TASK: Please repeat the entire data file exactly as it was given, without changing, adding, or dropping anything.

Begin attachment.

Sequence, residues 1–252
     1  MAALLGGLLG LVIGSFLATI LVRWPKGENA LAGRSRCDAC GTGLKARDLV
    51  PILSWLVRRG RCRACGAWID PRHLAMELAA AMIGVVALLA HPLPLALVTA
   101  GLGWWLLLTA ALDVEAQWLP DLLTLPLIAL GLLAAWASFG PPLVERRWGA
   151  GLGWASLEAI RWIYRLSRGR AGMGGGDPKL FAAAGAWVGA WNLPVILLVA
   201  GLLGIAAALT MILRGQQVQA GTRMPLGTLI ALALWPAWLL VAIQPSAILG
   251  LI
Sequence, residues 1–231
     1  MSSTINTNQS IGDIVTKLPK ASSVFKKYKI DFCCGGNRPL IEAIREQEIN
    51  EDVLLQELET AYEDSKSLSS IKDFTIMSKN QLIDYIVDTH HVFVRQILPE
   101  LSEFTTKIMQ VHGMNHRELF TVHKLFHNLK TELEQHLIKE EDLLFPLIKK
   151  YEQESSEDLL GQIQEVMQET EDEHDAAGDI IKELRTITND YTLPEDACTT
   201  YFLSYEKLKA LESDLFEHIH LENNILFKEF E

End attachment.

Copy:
Sequence, residues 1–252
     1  MAALLGGLLG LVIGSFLATI LVRWPKGENA LAGRSRCDAC GTGLKARDLV
    51  PILSWLVRRG RCRACGAWID PRHLAMELAA AMIGVVALLA HPLPLALVTA
   101  GLGWWLLLTA ALDVEAQWLP DLLTLPLIAL GLLAAWASFG PPLVERRWGA
   151  GLGWASLEAI RWIYRLSRGR AGMGGGDPKL FAAAGAWVGA WNLPVILLVA
   201  GLLGIAAALT MILRGQQVQA GTRMPLGTLI ALALWPAWLL VAIQPSAILG
   251  LI
Sequence, residues 1–231
     1  MSSTINTNQS IGDIVTKLPK ASSVFKKYKI DFCCGGNRPL IEAIREQEIN
    51  EDVLLQELET AYEDSKSLSS IKDFTIMSKN QLIDYIVDTH HVFVRQILPE
   101  LSEFTTKIMQ VHGMNHRELF TVHKLFHNLK TELEQHLIKE EDLLFPLIKK
   151  YEQESSEDLL GQIQEVMQET EDEHDAAGDI IKELRTITND YTLPEDACTT
   201  YFLSYEKLKA LESDLFEHIH LENNILFKEF E